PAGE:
Tiny Houses: the Big Picture



I confess, I secretly dream of building and living in a tiny house.  Apparently, there are a lot of people who share this dream.  You can now find websites, blogs, conferences, and more devoted to nothing but tiny houses. In case you’ve missed the attention they have been getting lately, “tiny house” refers to a stand-alone dwelling of roughly 500 square feet or less, with many smaller than 120 square feet.   Very often, they are built on wheels to get around zoning codes which require a minimum size for houses built on foundations   I think they are really cute, and I like the idea of a house designed so carefully that much of the square
footage can be eliminated without sacrificing comfort or convenience. I like the idea that building small will make possible more beautiful craftsmanship, so every shelf and every little window becomes a work of art.   I like the idea of a super-small environmental footprint, and the physically small footprint of a tiny house seems like an obvious way to work towards this goal.  And did I mention how cute they are?  But I saw some videos the other day that got me to thinking about how there is more to the sustainability of our homes than their size.

The first video was about a man building a tiny house to put on a property he owned in Montana, where he could be surrounded by nature, off the grid, using just the energy he could generate with his solar panels.  Sounds idyllic, right?  But later that night, I saw a short funny piece from BuzzFeed showing 2 couples and 1 guy trying out life in a tiny house for a few hours.  https://www.youtube.com/watch?v=j88Ao2DYSZo  The couples decided they weren’t ready for tiny living.  One of the women commented “There are basically 2 rooms: inside and outside.”  That’s when I realized: what’s outside a tiny house is an important part of what is means to live in one.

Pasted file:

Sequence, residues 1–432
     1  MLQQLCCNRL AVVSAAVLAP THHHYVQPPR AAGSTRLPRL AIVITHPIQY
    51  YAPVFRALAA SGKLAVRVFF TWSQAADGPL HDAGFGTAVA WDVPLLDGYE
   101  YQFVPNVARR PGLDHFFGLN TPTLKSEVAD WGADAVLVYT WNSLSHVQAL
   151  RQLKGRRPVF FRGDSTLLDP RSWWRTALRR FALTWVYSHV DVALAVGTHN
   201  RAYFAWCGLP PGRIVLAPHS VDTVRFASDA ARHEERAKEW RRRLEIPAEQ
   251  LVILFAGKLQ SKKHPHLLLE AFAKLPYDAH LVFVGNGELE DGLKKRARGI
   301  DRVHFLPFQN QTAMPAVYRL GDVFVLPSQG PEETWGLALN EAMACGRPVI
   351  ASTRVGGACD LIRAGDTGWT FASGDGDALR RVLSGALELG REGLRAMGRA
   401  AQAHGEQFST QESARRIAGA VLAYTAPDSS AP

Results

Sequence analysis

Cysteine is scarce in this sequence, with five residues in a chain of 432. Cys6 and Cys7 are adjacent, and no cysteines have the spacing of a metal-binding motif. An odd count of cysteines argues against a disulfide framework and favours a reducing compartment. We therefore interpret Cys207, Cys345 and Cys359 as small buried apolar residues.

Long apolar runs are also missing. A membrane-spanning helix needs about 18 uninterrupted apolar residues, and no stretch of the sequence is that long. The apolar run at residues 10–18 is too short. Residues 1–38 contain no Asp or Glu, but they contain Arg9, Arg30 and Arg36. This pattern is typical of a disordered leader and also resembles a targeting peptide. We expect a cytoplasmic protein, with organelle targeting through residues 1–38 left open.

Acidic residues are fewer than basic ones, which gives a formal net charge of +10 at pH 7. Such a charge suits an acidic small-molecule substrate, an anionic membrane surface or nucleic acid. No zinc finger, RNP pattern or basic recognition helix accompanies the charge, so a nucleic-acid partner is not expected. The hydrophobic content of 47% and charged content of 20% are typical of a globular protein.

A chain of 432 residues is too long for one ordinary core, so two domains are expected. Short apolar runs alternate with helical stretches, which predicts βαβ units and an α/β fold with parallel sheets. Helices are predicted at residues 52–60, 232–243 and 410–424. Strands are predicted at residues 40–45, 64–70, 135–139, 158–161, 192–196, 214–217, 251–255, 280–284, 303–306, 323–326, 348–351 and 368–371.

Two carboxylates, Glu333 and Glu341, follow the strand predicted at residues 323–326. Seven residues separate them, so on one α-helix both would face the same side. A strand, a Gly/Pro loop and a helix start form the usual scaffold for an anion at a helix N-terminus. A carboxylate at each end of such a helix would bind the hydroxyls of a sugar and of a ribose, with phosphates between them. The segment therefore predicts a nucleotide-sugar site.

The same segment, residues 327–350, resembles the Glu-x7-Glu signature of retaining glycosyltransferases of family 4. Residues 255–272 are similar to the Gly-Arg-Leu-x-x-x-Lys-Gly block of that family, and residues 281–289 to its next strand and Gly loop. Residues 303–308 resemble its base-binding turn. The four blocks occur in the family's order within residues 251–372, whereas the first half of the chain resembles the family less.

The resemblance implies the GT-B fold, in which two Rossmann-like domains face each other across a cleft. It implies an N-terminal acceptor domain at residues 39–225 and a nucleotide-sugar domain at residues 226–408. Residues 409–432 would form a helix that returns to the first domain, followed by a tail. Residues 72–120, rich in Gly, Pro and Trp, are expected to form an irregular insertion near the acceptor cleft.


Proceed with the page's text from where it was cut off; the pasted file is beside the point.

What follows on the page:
Another film had an interview with a couple living happily in their tiny house.  The woman said “if I need to be in my own space for a while I go to yoga”.  One tiny house was assembled by its owner on a suburban lot not too far from where he worked, using rented power tools and going to the building supply store for materials. If your house is on an urban lot you can get to a yoga studio, there is a business nearby that rents tools, and it only takes a few minutes to run to the store for supplies.  If you are hours from the nearest town on a lot in the wilderness, it’s a

another story.  The availability of those community resources is going to make a difference in how much storage and living space you need.   My friend who lives in Brooklyn has a grocery store a 5 minute walk from her house, so her family doesn’t need to stockpile toilet paper or breakfast cereal.  I can imagine the guy inMontana deciding he needs to buy a bigger SUV to drive out to his tiny house, just so he has room in the car to store enough groceries for the week.


When we build smaller houses, we can put them closer together; and when we put them closer together it’s easier to walk or ride a bike or use public transit between home and the places we need to go; if we can get places without using cars, we don’t need to have as much space to park cars, which allows us to build things even closer together, making them even more walkable.  In the big picture, I think keeping our communities compact is more important than building ultra-small.  Compact development means that more land can be left without buildings, so more of us can continue to enjoy natural areas without traveling past miles of parking lots to get there.  And of course, building tiny is no substitute for excellent insulation, air sealing, and efficient heating systems. These core ideas apply to all houses.

If we get too caught up in the cute image of tiny houses, we can lose track of the fact that all of us can make more sustainable choices about where we live, even if we aren’t ready to live in 300 square feet.  I still like the ideas tiny houses represent, and I still think they are really cute.  But I know the relationship between our houses and our communities is just as important as the size of the house.  Maybe I’ll build a tiny house someday.  Even if I don’t, I know there are a lot of other things I can do to live more sustainably, and they may be even more important than being able to pull my house on a trailer.

Even a big house can feel tiny if it isn’t designed to fit the way your family lives.  If your house needs some TLC so you can love it again, or you’d like to build a new house designed to make the most of every square foot, send me a note at  Hallie@NewLeafHomeDesign.com.